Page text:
200+ HD Pictures with complete Banknotes collection!
INCLUDING Special and Rare emissions!
“I like to see a man proud of the place in which he lives. I like to see a man live so that his place will be proud of him. “
“Great countries are those that produce great people. “
“To travel is to discover that everyone is wrong about other countries. “
In 2002 in the "Cave With Bones" in present day Romania 40,000 year old modern human remains were discovered. Romanian fossils are still among the oldest remains of Homo sapiens in Europe, so they may be representative of the first such people to have entered the continent. The remains are especially interesting because they present a mixture of archaic, early modern human and Neanderthal morphological features.
One of the fossils found—a male, adult jawbone—has been dated to be between 34,000 and 36,000 years old, which would make it one of the oldest fossils found to date of modern humans in Europe. A skull found in Peștera cu Oase (The Cave with Bones) in 2004-5 bears features of both modern humans and Neanderthals. According to a paper by Erik Trinkaus and others, published in the Proceedings of the National Academy of Sciences in January 2007, this finding suggests that the two groups interbred thousands of years ago.
The earliest written evidence of people living in the territory of the present-day Romania comes from Herodotus in book IV of his Histories written c. 440 BCE.
The Dacians, widely accepted as part of the Getae described earlier by the Greeks, were a branch of Thracians that inhabited Dacia (corresponding to modern Romania, Moldova, northern Bulgaria and surroundings).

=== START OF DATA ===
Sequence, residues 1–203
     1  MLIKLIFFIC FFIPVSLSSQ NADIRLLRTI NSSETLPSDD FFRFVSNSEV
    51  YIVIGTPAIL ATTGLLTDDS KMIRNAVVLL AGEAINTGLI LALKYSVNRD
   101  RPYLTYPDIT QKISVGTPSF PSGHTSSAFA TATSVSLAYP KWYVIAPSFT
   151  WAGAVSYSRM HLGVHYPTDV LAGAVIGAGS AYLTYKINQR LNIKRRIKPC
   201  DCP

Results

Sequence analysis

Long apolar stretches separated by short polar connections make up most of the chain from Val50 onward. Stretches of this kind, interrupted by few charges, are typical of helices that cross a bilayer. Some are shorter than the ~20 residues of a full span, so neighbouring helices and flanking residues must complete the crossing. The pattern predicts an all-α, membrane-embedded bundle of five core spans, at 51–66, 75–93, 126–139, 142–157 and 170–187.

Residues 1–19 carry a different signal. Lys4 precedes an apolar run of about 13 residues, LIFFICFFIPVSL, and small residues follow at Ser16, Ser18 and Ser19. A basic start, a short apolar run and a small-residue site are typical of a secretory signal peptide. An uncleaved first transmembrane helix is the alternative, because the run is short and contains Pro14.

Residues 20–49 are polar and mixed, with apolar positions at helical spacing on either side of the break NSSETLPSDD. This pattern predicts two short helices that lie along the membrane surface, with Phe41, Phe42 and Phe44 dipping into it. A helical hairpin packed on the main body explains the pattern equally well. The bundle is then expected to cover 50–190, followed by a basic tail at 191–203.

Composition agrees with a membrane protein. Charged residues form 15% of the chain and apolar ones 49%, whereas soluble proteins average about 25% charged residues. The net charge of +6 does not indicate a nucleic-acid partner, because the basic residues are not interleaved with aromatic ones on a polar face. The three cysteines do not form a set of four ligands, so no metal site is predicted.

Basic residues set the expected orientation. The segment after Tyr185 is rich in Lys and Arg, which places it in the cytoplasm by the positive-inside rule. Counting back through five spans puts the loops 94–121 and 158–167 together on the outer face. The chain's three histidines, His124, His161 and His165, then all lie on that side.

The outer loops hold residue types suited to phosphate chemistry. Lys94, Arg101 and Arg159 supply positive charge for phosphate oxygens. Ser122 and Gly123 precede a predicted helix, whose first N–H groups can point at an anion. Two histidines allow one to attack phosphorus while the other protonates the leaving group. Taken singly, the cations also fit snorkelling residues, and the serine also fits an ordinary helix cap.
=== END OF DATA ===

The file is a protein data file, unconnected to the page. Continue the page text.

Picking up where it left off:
The Dacian Kingdom reached its maximum expansion during King Burebista, between 82 BCE - 44 BCE. Under his leadership Dacia became a powerful state which threatened the regional interests of the Romans.
Julius Caesar intended to start a campaign against the Dacians, due to the support that Burebista gave to Pompey, but was assassinated in 44 BC. A few months later, Burebista shared the same fate, assassinated by his own noblemen. Another theory suggests that he was killed by Caesar's friends. His powerful state was divided in four and did not become unified again until 95 AD, under the reign of the Dacian king Decebalus. More at this link http://en.wikipedia.org/wiki/History_of_Romania
First coins discovered in Romania are from Thrace, Dynasts of. Koson. Mid 1st Century BC. Coins inscribed KOSON were discovered in several large stashes in Romania. The first group was discovered in 1543, and contained several thousands coins and objects made of gold. It was rumored that this stash was revealed in a bolted chamber under the river Strei, identified as the river Sargetia, and also mentioned by Dio Cassius. Further research disproved this, and placed the treasure in one of the Dacian castles in the Orăştie mountains, probably in Sarmisegetusa. The conventional view that these coins were struck by a Thracian dynast named Koson striking on behalf of Brutus was first proposed by Theodor Mommsen.
Mommsen based his theory on Appian' s statement (B Civ. IV.10.75) that Brutus struck coins from the gold and silver provided to him by the wife of a Thracian dynast. The coins' similarity to known Roman types of the period, in particular the issue Brutus struck as a moneyer in 54 BC (Crawford 433/1), and Mommsen's (and others) misreading of the obverse monogram seemed to support this conclusion. Max Bahrfeldt ("Über die KOΣΩN-Münzen," Berliner Münzblätter 1912), however, cogently challenged this interpretation, arguing instead a connection to Coson-Cotiso(n), a Getic king with whom Octavian had apparently been arranging an alliance-by-marriage (Suetonius, Aug. 63.2; cf. Horace, Carm. II.18.8; Flor. II.28.18). But, about Coson Coins in our next book.